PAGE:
Sitting in actual Stanford classrooms was significant for our students because it exposed them to the culture of the school. Stanford was a place where students solved problems. And that was their mission at the Stanford Model UN conference: to solve some of the most pressing issues facing the planet. Our students developed solutions for climate change, stopping ISIS, preventing the spread of infectious diseases in the less developed world, running a more just 2016 US presidential race, and eliminating injustice for girls across the planet. This experience helped them appreciate the practicality of their education and the necessity for their leadership to bring just change to the world.

Group Pic

The opportunity to tour northern California, including Alcatraz Island, Half Moon Bay, the Jesuit school Santa Clara University, made the decision attend Stanford’s conference more attractive, as did an impromptu tour of the University’s football stadium by a native of Brookline who worked in the Stanford ticket office. Winning some awards for our diplomatic negotiating skills was a bonus, especially since we were the only school from the Boston area in attendance.


But the key part to this trip, and for most other Model UN college excursions, was an opportunity for our students to experience their future roles and responsibilities as leaders. They had an uninhibited opportunity to imagine and to be hopeful. For example, Saturday night our students attended a Stanford trade-show style, social event for GirlUp . GirlUp is sponsored by the United Nations. The program promotes equal education, equal pay for equal work, and equal opportunity for girls across the developed, developing, and less developed world. It increased our students’ awareness of salary inequity, better known as the glass ceiling, in the developed world such as the United States and it instructed our students about societal expectations placed upon girls—not non boys—in the less developed world, such as hauling potable water on a daily basis. For examples, our students sampled what it is like to walk a distance with potable water. Girls in this less developed world walk an average of 12 miles per day just to obtain potable water for their families.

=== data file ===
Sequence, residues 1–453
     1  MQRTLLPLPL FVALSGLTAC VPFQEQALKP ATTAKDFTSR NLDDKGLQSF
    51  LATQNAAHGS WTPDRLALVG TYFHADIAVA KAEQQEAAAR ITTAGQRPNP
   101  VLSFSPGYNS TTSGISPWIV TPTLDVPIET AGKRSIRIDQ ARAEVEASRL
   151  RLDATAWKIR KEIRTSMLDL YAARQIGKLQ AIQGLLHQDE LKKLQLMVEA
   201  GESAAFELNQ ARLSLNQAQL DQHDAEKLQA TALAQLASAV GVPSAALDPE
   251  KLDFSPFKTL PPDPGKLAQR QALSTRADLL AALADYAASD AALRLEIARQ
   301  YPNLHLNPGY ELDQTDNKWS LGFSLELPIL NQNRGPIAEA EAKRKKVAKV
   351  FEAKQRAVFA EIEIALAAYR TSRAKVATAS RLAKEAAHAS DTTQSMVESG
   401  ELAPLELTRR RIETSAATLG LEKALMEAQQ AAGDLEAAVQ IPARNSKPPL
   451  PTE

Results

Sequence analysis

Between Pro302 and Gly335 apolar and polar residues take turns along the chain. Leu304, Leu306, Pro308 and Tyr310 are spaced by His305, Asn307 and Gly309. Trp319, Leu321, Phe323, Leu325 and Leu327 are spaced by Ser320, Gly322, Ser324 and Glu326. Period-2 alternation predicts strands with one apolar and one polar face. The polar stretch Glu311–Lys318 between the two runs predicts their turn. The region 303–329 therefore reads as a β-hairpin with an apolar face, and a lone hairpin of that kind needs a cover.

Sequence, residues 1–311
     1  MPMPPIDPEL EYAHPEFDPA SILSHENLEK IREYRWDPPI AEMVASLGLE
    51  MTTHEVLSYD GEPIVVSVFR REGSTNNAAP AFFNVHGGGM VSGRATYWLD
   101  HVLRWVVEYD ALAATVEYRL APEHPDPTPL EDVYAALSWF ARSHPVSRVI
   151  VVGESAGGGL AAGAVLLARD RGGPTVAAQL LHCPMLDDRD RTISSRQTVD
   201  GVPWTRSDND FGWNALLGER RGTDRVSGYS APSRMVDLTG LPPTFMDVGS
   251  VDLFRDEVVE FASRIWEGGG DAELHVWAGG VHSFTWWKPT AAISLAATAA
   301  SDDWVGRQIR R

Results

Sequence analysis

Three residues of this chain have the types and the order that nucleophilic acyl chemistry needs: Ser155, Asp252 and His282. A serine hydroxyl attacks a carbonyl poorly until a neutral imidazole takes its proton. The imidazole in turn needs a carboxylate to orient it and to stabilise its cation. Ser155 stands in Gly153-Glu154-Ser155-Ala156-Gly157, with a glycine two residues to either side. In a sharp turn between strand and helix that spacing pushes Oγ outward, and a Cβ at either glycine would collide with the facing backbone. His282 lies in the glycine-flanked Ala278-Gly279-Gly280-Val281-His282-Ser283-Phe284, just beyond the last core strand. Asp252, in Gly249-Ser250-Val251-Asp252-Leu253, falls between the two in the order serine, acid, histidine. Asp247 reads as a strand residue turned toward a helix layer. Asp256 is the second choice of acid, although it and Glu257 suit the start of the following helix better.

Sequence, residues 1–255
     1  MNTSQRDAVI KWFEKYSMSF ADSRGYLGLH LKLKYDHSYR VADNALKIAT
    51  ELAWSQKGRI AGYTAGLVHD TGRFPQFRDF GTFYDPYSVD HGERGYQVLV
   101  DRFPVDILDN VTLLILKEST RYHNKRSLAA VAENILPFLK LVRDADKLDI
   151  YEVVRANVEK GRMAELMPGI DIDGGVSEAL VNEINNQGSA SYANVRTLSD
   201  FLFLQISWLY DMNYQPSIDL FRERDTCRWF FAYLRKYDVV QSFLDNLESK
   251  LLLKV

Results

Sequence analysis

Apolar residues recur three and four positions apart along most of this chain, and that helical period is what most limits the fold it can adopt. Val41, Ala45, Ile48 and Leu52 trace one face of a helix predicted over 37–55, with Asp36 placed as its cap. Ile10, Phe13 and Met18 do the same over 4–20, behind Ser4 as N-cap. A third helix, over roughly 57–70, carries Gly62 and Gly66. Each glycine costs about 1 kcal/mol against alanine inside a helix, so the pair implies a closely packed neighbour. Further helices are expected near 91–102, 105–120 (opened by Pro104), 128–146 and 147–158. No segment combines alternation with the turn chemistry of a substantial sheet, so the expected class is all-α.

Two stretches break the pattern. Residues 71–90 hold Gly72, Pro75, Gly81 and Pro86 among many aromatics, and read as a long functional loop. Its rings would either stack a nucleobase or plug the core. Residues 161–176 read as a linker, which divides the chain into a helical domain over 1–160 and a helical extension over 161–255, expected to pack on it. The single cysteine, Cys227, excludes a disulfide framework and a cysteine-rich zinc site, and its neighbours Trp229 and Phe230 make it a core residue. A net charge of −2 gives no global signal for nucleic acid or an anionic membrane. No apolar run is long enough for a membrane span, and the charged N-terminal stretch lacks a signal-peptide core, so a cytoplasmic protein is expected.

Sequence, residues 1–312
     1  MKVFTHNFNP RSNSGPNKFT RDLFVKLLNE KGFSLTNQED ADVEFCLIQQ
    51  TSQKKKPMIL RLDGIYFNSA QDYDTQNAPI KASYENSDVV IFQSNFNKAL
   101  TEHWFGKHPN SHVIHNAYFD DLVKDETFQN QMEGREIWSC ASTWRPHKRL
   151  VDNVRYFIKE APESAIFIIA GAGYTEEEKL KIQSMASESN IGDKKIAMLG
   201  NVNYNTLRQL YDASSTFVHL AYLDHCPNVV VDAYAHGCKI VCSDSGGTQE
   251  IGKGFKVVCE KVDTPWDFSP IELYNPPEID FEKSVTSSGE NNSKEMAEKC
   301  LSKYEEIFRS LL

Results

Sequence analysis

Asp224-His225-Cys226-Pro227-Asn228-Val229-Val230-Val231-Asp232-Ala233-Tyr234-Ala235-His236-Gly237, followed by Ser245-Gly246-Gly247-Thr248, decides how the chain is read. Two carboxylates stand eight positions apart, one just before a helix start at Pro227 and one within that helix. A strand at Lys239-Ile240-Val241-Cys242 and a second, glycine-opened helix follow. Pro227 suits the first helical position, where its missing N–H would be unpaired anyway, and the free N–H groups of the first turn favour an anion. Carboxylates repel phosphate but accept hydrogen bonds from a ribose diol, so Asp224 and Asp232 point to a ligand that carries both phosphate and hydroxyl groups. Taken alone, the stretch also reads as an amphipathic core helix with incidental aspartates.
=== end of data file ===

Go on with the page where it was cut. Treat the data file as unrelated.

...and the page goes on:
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“Here’s my solution.” “I opposed a resolution that was unfair today.” “I told Sri Lanka that you just can’t do that; it’s 2015.” “Clean water is a human right.” “I’ve got a great idea. Can I stay up past curfew to work on my resolution for tomorrow?”  These are some of the comments overheard from our students who returned from their committee sessions. The Stanford Model UN gave our students opportunity and responsibility. It drove them to be leaders in their committees. And that participation taught them how hope occurs.

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Faith in Action By Luke Murphy ’16